Over the past two weeks, the U.S. Department of Justice objected to Texas’ photo ID law and to Florida’s law restricting voter registration drives and cutting the early voting period. In other good news, two state judges in Wisconsin issued a temporary and permanent injunction that suspends the photo ID law passed last year.
New photo ID laws are making their way through several state legislatures in Michigan and New Hampshire. A bill for a November vote on a constitutional amendment requiring a photo ID to vote is working its way through the House and Senate in Minnesota. Pennsylvania and Virginia both approved a voter ID law. Both states are waiting for their governor’s signature.
Nationally, groups affiliated with True the Vote – a group with ties to the Tea Party movement – in over 30 states are training volunteers to comb through voter registration lists to find irregularities and to challenge voters at the polls that they don’t believe they are who they say they are.
The Fair Elections Legal Network provides regular updates on election law and administration that will reduce access to voting. To receive these regular updates, please contact Josh Spaulding at firstname.lastname@example.org.
The Good News
Florida: The U.S. Department of Justice objected two weeks ago in a court filing to the Florida law that puts onerous restrictions on voter registration drives and cuts early voting, citing that Florida was unable to prove the new provisions were non-discriminatory under Section 5 of the Voting Rights Act. Under Section 5 of the Voting Rights Act, to which five of Florida’s counties are subjected, all changes to Florida’s voting laws must be reviewed to ensure they will not have a discriminatory effect. Instead of waiting on DOJ approval, Florida filed for approval in the D.C. U.S. District Court for approval.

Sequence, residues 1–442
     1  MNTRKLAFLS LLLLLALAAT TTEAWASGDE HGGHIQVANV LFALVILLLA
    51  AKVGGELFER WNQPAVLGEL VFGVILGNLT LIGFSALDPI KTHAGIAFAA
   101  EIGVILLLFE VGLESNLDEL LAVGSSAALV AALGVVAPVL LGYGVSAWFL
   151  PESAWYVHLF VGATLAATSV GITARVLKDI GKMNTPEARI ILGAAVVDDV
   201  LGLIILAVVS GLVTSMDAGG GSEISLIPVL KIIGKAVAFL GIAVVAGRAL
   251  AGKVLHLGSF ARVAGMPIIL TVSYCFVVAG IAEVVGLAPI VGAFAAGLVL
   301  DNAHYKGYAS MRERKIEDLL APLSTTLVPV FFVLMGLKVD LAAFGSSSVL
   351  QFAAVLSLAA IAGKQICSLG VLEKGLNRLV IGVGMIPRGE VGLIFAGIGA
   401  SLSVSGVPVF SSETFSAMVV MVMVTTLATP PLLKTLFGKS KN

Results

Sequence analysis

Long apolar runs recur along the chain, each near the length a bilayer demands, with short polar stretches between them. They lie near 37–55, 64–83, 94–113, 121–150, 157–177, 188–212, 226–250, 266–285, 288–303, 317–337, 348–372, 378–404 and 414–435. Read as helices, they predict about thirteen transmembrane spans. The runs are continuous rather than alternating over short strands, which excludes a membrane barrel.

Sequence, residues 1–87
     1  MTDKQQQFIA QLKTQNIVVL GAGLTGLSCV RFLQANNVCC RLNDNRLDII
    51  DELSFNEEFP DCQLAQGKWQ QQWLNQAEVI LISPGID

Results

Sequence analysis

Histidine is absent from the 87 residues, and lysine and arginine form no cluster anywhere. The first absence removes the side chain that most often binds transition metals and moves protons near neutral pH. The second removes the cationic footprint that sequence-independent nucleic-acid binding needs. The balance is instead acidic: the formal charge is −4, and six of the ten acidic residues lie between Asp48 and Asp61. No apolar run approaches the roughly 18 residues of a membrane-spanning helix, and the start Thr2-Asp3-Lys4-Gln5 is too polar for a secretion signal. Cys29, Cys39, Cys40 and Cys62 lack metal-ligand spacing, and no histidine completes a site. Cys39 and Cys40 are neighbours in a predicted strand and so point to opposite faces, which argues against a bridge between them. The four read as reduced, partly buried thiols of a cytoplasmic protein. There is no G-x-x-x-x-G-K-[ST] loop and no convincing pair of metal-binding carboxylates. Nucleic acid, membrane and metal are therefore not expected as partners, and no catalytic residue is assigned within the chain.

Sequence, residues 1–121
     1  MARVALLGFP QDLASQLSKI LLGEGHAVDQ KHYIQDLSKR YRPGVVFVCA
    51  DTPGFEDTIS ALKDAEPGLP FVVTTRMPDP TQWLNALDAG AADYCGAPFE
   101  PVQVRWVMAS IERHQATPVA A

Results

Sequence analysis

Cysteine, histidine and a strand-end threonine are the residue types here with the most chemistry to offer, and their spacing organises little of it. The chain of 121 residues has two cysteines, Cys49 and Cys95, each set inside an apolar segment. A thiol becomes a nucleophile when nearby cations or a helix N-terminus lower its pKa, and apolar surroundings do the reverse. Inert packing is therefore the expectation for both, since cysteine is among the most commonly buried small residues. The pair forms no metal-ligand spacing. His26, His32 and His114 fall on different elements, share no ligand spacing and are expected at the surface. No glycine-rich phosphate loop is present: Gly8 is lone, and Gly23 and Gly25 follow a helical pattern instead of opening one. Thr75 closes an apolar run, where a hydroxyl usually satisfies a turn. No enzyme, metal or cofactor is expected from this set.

Maine: On Tuesday, the state Senate approved a bill passed by the House that originally would have required voter’s to show a photo ID to vote but instead as amended now only calls for a study to be conducted by the Secretary of State on voter participation and registration in Maine. The amended bill faces a final House and Senate vote.
Texas: On Monday, the U.S. Department of Justice rejected a Texas photo ID law because Hispanics disproportionately lack either a driver’s license or a personal identification card. The DOJ found that a Hispanic registered voter is at least 46.5 percent, and potentially 120 percent, more likely than a non-Hispanic registered voter to lack this identification. A three-judge panel, the same one that recently heard the Texas redistricting case, will now hear a lawsuit brought by the Texas attorney general to allow the state to enforce the photo ID law.
Wisconsin: Dane County Circuit Judge Richard Niess issued a permanent injunction against Wisconsin’s photo ID law on Monday in a case brought by the Wisconsin League of Women Voters, ruling the law unconstitutional because it eliminates the right to vote for eligible voters that lack the resources to obtain the required identification. This stems from a lawsuit separate from the one that issued a temporary injunction against the law last week by Dane County Circuit Judge David Flanagan from a lawsuit filed by the NAACP's Milwaukee branch and Voces de la Frontera. The Wisconsin attorney general is appealing both to the State Supreme Court.